Sell your RV for top dollar
Tips for preparing your RV for sale
Time to upgrade your RV?
You could take it to your local RV dealer and be swept into the bargain of the day, allowing them to have your old RV several thousand under what it is worth.
Or you could choose to sell it yourself.
This can be both a challenging and frustrating experience.
I have owned more than five RVs over the years and in every case I was able to use them for one or more years and sell them at a profit. In some cases I made thousands of dollars. So owning an RV does not need to be an expense if you shop wisely and use a few of my selling tips.
First of all, and the most important, is detailing. As you use your unit over the months and years it develops bumps, stains and scratches that you never see or grow to accept. A general good cleaning is not enough.
Get some colored felt pens, touch-up paint and upholstery shampoo. You should replace anything that shows signs of use. Spend time on the things that you would not normally clean; for example, the tires and wheel wells. The tires should be black but not shiny. SOS pads will do the job there. Under the hood or inside the storage compartments is also important. See what you can find that will remove the signs of wear and age. Try to avoid the use of spray paint, because that looks like you are trying to cover up something. However, I will sometimes use a flat finish clear spray. I have even used hair spray in the past. All of this is not going to cost you much and will make your unit stand out from the rest.
Next, do some decorating: silk plants, bowls of plastic fruit. Perhaps even set the table with a couple of wine glasses.
Now you need photos. If you do not have a good camera, borrow one from a friend. You could even buy one with the money you are about to make on your RV.
Take pictures of everything that is nice. For example, if your unit has chrome wheels or chrome mirrors, take a close-up.
A brochure is also a good idea. Just print off some of your photos and staple them together with a description and contact information. This is what you give the people who come to see it and do not make an offer. As a shopper, you tend to forget which unit had the features you liked. Your brochure keeps your unit with them as they shop. If your detailing was good, they will be back or phoning with an offer.
Time to advertise
The more places you advertise it the better. I have found when you are advertising at the same place as a thousand others, your chances of finding a buyer are limited. I find the best results when I advertise where there is not much competition. Put a photo with description on every post-it board you can find. Put a sign in the window if you are in an area that gets a lot of traffic. Believe it or not, have a garage sale. That will draw many people to your house. As they are going through your junk, they spot the unit for sale and ask about it.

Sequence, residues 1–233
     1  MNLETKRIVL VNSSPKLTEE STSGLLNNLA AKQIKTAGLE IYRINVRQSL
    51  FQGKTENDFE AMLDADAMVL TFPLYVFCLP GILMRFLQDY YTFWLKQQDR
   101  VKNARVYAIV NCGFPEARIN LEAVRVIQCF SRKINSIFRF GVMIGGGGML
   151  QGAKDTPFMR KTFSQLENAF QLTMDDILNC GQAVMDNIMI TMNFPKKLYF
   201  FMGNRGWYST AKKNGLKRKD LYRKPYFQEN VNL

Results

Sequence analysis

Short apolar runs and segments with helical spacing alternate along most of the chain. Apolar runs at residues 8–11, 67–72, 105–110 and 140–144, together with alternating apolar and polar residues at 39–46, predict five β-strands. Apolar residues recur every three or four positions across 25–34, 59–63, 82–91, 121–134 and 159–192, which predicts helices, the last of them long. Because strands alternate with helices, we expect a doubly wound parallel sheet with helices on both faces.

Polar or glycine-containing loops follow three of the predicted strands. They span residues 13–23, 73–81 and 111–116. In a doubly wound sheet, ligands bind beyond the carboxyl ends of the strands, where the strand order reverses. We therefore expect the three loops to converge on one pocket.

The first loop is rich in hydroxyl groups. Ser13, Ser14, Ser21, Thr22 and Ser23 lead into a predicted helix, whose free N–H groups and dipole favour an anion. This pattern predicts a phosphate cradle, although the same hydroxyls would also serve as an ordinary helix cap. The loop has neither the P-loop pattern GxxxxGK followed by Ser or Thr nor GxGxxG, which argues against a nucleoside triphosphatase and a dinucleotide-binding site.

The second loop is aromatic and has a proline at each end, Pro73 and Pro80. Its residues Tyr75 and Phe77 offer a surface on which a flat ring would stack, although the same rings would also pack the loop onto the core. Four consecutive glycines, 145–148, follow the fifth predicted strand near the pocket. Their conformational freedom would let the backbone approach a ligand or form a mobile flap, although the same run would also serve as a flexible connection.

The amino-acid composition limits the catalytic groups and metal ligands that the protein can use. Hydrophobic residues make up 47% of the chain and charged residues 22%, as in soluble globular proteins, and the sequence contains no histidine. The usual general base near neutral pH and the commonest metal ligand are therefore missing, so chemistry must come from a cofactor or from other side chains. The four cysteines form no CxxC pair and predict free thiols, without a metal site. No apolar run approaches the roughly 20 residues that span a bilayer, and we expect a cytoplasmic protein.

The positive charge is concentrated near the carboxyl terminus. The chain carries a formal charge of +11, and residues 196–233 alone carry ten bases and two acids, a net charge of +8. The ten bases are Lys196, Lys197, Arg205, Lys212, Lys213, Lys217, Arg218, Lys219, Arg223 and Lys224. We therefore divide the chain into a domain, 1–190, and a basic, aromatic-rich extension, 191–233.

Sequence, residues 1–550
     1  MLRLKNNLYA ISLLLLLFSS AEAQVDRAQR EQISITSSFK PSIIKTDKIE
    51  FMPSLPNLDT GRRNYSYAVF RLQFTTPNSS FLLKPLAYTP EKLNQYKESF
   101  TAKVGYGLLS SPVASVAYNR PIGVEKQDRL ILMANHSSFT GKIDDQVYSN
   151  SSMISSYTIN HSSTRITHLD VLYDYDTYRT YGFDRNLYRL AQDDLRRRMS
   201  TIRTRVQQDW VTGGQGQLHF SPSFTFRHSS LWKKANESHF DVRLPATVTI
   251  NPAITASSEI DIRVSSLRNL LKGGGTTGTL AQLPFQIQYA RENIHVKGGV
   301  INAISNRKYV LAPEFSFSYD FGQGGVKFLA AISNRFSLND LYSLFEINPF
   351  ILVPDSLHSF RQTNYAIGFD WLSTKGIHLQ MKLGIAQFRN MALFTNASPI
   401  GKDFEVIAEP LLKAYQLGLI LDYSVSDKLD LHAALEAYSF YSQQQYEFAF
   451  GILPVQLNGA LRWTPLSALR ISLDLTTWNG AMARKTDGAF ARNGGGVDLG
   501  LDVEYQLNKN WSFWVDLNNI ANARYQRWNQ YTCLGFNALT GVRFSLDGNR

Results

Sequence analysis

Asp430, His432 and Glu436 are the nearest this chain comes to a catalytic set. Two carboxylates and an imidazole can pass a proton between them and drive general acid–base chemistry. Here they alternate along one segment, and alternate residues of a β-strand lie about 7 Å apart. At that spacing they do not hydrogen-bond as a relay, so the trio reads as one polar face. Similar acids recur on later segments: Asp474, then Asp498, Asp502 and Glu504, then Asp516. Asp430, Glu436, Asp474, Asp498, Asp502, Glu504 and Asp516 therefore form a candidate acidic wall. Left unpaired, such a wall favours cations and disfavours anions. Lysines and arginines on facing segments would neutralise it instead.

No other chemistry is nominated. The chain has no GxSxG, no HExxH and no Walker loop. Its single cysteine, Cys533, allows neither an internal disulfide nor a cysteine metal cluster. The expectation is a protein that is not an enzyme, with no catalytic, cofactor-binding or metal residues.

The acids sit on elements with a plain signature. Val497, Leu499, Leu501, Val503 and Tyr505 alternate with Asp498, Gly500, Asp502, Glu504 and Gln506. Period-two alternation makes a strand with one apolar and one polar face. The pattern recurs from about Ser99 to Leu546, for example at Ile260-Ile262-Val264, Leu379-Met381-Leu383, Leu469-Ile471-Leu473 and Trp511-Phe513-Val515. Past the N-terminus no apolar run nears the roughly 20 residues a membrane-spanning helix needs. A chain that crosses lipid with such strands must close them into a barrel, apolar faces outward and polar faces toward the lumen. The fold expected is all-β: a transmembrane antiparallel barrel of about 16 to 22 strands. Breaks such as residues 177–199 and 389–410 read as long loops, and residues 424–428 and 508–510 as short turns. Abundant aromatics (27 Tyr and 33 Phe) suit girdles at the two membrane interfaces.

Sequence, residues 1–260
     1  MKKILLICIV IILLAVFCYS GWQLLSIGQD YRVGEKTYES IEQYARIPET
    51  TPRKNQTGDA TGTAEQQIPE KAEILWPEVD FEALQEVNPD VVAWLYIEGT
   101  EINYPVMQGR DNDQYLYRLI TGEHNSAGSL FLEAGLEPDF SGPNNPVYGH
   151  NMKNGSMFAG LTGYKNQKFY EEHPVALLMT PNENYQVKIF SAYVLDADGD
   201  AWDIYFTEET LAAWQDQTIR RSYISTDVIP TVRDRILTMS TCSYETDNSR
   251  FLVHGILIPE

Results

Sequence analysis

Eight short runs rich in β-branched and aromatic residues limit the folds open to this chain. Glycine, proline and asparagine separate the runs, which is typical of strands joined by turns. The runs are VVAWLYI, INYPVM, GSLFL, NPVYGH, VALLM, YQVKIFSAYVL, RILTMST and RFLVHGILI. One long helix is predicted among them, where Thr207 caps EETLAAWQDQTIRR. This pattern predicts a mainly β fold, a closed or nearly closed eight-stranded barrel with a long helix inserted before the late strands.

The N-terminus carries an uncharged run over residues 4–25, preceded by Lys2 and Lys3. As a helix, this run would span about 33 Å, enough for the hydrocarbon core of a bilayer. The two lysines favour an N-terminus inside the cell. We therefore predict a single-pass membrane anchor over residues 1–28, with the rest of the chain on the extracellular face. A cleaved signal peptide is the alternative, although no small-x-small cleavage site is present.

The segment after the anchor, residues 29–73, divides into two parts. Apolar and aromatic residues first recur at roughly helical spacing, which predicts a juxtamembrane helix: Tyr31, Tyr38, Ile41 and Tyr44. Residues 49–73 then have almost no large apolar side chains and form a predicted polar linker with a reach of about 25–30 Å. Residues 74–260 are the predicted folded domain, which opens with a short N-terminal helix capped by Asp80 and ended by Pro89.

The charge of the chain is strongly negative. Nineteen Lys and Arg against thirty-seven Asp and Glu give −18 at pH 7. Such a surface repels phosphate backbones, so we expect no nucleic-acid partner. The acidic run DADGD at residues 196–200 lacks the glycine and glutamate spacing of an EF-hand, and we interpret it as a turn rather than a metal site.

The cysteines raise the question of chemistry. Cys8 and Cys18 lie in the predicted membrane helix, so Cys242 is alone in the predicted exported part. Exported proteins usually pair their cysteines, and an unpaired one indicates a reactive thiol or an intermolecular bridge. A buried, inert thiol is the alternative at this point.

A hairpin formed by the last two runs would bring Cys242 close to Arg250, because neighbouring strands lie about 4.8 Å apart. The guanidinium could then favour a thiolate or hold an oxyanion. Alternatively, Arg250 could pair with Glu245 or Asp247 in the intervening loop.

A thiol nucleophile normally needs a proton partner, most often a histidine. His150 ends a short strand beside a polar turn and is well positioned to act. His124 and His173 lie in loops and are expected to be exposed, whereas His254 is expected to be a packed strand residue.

Be aware of the scams. If it sounds too good to be true, it is a scam. They are often long, convoluted stories about wanting to buy your unit unseen; you just need to pay some money that they will pay you right back.
Making a deal
Never price your RV at what you want to get. Surf the internet for similar makes and models. You will see the prices vary quite a bit. You are unlikely to get the highest price, so pick a number somewhere in the middle and go with it. Not many will pay your asking price, so add a bit to deal with the negotiation.
They will almost always make an offer a little lower than you expected. So I usually come back with: “We will split the difference.” It works every time for me.
The test drive is something that I have a problem with. If I am selling a large class A motorhome, taking it for a spin is not an option until we have made a deal. The deal is, of course, subject to a test drive. I am not a good passenger when a stranger is driving my motorhome, but I have managed to get through that a few times.
I hope my tips help you on your next sale.
The Next Chapter
Ed Boothman retired when he sold his successful website development company in Alberta. He and his wife Gail spend their summers at a lakeside cabin and their winters in a diesel pusher motorhome, the fifth RV they’ve owned.» View all The Next Chapter columns